Although the goal of attracting more women to the highest academic positions is commendable, the TU/e women’s quota is in contravention of the Dutch Equal Opportunities Act. This conclusion was reached last week by the Netherlands Institute for Human Rights (CRM) in response to a complaint from the RADAR anti-discrimination agency. Incidentally, the Institute also made recommendations for improving matters at the University. Meanwhile, the TU/e has promised to do better.
Serious backlog and ultimate remedy
The disadvantaged position of women in science has been a thorn in many people’s side for years, and with good reason. The three Technical Universities of Delft, Twente, and Eindhoven, as well as the Erasmus University, are doing particularly poorly in this area. The TU/e, for example, has long been dangling at the bottom of the list in the annual monitor of the Dutch Network of Women Professors (LNVH).
The percentage of women scientists at TU/e was low across all levels in 2018: 14 % of professors, 13 % of university senior lecturers (UHDs), and 24 % of university lecturers (UDs). Even within Europe, Eindhoven has the lowest number of women professors. Where, as the CRM also acknowledges, “there is a serious underrepresentation of women in scientific positions.”
The women’s quota set up in July last year as part of the Irène Curie Fellowship program has been used by the university as a last resort to bring about the much-needed change. For a period of five years, for the first 150 vacancies, female applicants must be given priority over male applicants. Only when six months of intensive recruitment have failed to produce a suitable female candidate can this be deviated from.
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Does the end now justify the means? Well, no. At the time, the introduction of the Eindhoven women’s quota led to fierce discussions between supporters and opponents. There were even parliamentary questions and a procedure initiated by RADAR on the basis of more than 50 complaints and reports. However, opinions about the necessity of such a solution remain divided.
For example, Janneke Plantenga, professor of economics, dean, and chairman of the Task Force on Discrimination and Inclusion at Utrecht University, recently stated that she herself was not in favor of quotas. “In some departments of the university, 70 percent of the staff are women. Should we set a male quota then?” She, therefore, preferred awareness and charisma.
That’s exactly one of the points where criticism has been leveled. In the opinion of the CRM, the proportion of women at the TU/e is not equally low in all faculties. For that reason, such a drastic solution is not considered necessary across the board. Also, according to the Board, the TU/e has not sufficiently demonstrated that other solutions were tried first, such as linking the allocation of financial resources to achieving the goal of attracting more women. Finally, the assessment of candidates did not take sufficient account of their qualifications rather than just their gender. This puts male applicants at a disadvantage compared to female applicants. According to the CRM, the way in which the Eindhoven University of Technology formulates its preferred policy goes “too far” in this sense, and is contrary to the Dutch Equal Treatment Act.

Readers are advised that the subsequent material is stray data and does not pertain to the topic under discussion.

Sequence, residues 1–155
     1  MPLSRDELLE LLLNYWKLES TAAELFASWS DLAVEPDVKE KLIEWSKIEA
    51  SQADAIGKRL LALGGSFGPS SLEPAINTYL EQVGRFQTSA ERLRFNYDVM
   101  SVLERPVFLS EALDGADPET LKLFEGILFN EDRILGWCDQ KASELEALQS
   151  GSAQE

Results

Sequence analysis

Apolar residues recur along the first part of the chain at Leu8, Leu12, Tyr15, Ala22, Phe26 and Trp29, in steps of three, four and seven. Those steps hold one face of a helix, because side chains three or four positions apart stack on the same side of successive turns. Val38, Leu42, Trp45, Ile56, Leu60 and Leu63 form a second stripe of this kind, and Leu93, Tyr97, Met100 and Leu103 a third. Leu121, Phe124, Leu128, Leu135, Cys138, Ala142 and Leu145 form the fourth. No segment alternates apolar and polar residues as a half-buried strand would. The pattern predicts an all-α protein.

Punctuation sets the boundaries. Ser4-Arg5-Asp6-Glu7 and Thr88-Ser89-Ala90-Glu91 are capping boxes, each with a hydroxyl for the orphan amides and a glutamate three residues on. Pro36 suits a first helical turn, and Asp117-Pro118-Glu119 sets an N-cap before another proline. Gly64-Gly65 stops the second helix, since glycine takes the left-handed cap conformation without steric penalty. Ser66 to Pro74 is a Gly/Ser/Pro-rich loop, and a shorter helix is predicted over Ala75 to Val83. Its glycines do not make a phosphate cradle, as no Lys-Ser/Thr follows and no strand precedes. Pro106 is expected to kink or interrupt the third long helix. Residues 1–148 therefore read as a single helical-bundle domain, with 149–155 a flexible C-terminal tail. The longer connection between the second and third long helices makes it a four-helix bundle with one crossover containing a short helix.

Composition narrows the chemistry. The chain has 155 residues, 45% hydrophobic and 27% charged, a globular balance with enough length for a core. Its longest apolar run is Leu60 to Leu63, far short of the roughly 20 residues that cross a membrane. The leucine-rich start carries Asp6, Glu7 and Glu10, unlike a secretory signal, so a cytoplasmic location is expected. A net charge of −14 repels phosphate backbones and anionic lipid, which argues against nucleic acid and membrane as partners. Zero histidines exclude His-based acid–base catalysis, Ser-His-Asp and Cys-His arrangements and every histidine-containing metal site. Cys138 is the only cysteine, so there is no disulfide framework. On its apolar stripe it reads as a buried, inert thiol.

By way of comparison: In 2012 the CRM confirmed the policy of TU Delft in a similar case, after it had opened ten positions only for women. However, the need for those ten additional vacancies was considered sufficiently substantiated, all the more so because all other vacancies in Delft at the time were open to both men and women. The Board, therefore, considered TU Delft’s preferential policy to be “less broad and extensive” than the quota applied by TU/e. Things are now going much better in Delft. The proportion of women has increased in almost all faculties, in Architecture even to as much as 34 percent.
At TU Twente, too, the proportion of female professors rose by 1% in the past year as a result of a similar preferential measure, whereby ten new professorships were opened exclusively to female candidates.
Recommendations for improvement
Fortunately for the TU/e, the College’s report not only contains bad news but also suggestions for improvements. The Board proposes a number of measures, from which not only Eindhoven but also other universities can benefit:
– Training selection committees to become aware of their own, often unconscious, prejudices, and their effects on the way they judge people.
– Setting up the recruitment and selection procedures in such a way that gender stereotypes have less impact on the selection of candidates.
– Set up internal career development and coaching programs for women by senior colleagues.
– The strict requirements for preference policies mean that men are not excluded. However, working conditions that “bias” women are legally allowed under certain conditions.
Nevertheless, the judgment of the CRM does not have a binding legal character but is only a recommendation. In practice, however, such advice is followed more often than not. For example, the TU/e now promises to improve and indicates that it will “carefully study the recommendations of the College.” At the same time, the university states that it “will continue to do its best to work on gender equality.”
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